July 23, 2012
Save Energy, Win a Prize
This New York Times article reports on the use of social media by utilities to encourage their customers to use less energy. The article reports that the need to find ways to encourage long-term conservation is ever more critical. Although states and utilities have run conservation programs for decades, as a nation we are far from acquiring all cost-effective energy efficiency. At least 25 states have set specific goals for reductions in energy use that in many cases will continue to increase even as electrical demands and the grid’s complexity keep growing. West Virginia has no such energy efficiency targets; although an Energy Efficiency Resource Standard (EERS) was proposed during the 2012 legislative session, it failed to make it through the House Judiciary Committee. As a result, the energy efficiency programs run by the State’s utilities (Appalachian Power and First Energy) are fairly modest. Moreover, utilities in West Virginia do not consider energy efficiency and conservation to be resources in the same sense as “supply-side resources” (e.g., generating plants), as there is no requirement in West Virginia for utilities to engage in integrated resource planning (a process that puts demand-side resources (energy efficiency and conservation) on the same footing as supply-side resources in the utility resource acquisition process).
Nationwide, the total budget for utility customer energy efficiency programs in 2010 was $4.6 billion, up more than four times from the $1.1 billion spent on such programs a decade earlier, according to the American Council for an Energy-Efficient Economy (ACEEE). West Virginia is not following this national trend in boosting investments in energy efficiency; the State, ranks 44th out of the 50 states in ACEEE’s State Energy Efficiency Scorecard. In ACEEE’s analysis of energy efficiency programs nationwide, West Virginia tied in last place with Alaska with respect to utility public benefits programs and policies metrics, scoring 0 out of 20 points. The EERS proposed during the 2012 legislative session by Delegate Mike Manypenny (D-Taylor) would have established long-term energy efficiency targets for electric utilities, requiring reductions in electricity consumption of 5% from 2010 levels by 2018 and 15% by 2025. The bill also would have provided financial incentives for utilities that meet or exceed their targets. According to ACEEE’s analysis, “[t]he utility regulatory business model has been a long-standing barrier to energy efficiency in West Virginia and the presence of an EERS that includes financial incentives for utilities that meet their targets could have moved the state of a much higher rank in the Scorecard.”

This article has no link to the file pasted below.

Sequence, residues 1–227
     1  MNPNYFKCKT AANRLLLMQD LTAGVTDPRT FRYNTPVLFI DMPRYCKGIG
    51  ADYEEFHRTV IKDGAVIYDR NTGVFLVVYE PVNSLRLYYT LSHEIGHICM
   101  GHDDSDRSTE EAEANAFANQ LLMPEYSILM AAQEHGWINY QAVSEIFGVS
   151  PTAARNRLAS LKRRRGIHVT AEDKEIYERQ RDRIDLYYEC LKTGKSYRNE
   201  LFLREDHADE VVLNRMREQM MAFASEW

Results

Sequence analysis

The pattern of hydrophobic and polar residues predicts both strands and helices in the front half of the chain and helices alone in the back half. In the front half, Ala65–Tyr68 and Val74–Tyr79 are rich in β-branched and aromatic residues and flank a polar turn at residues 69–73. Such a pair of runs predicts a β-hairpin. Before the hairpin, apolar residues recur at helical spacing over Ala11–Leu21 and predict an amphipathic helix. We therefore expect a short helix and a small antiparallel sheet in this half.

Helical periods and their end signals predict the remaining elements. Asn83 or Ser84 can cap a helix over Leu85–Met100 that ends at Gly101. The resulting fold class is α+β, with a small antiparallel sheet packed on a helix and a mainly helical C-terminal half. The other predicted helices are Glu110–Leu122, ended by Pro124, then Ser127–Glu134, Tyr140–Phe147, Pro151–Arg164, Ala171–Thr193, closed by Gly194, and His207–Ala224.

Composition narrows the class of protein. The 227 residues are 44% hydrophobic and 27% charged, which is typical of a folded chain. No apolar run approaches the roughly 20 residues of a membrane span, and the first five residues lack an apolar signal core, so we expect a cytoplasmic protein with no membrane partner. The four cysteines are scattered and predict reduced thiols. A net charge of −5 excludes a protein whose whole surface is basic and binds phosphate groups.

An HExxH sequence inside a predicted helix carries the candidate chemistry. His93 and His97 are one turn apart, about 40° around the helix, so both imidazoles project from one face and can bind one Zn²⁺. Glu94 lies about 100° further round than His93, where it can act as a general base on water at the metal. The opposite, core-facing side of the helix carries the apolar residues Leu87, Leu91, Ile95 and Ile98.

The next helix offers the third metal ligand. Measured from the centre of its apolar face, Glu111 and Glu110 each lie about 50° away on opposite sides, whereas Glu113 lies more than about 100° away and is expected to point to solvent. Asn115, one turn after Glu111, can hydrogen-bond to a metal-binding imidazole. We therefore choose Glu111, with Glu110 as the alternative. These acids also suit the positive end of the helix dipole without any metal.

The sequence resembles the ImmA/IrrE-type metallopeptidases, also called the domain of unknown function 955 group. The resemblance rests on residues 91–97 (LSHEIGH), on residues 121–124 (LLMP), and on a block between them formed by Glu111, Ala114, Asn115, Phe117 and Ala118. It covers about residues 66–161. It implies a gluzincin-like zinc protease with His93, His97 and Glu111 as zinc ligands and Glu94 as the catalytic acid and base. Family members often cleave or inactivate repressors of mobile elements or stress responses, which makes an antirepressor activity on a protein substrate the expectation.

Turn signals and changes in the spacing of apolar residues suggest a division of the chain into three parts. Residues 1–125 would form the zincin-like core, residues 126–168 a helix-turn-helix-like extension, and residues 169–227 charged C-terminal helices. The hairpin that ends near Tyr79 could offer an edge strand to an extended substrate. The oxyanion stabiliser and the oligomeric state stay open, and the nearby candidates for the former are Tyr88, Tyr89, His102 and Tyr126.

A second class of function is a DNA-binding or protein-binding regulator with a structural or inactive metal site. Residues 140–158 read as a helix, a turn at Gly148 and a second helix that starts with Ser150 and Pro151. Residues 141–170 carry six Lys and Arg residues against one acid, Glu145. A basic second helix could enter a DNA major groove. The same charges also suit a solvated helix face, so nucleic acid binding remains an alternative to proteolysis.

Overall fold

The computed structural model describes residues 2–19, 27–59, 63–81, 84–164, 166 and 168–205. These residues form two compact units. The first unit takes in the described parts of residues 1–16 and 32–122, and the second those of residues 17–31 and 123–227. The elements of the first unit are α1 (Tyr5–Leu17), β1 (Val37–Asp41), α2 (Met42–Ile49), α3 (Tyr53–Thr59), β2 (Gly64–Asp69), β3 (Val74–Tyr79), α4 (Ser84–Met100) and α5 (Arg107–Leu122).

Utility customers in West Virginia need access to utility-sponsored energy efficiency programs. The state continues to face dramatic price increases for residential customers and, while customers have little control over the rates charged by utilities, they may have some control over their utility bills if they could avail themselves of utility energy efficiency programs. Policymakers in West Virginia have a number of options to make this happen. First, legislators could adopt an EERS, as proposed by Delegate Manypenny. Second, legislators could adopt integrated resource planning, as proposed by Senator Foster during the 2012 legislative session (S.B 162), which would stimulate investment in energy efficiency by placing demand-side investments on the same footing as generation resources. Third, if the legislature fails to enact either of these measures, the Public Service Commission has all the statutory authority it needs to (1) impose energy efficiency targets on the utilities it regulates, and (2) require utilities to engage in integrated resource planning. It’s time to move West Virginia out of the ranks of the lowest-performing states in the country with respect to energy efficiency.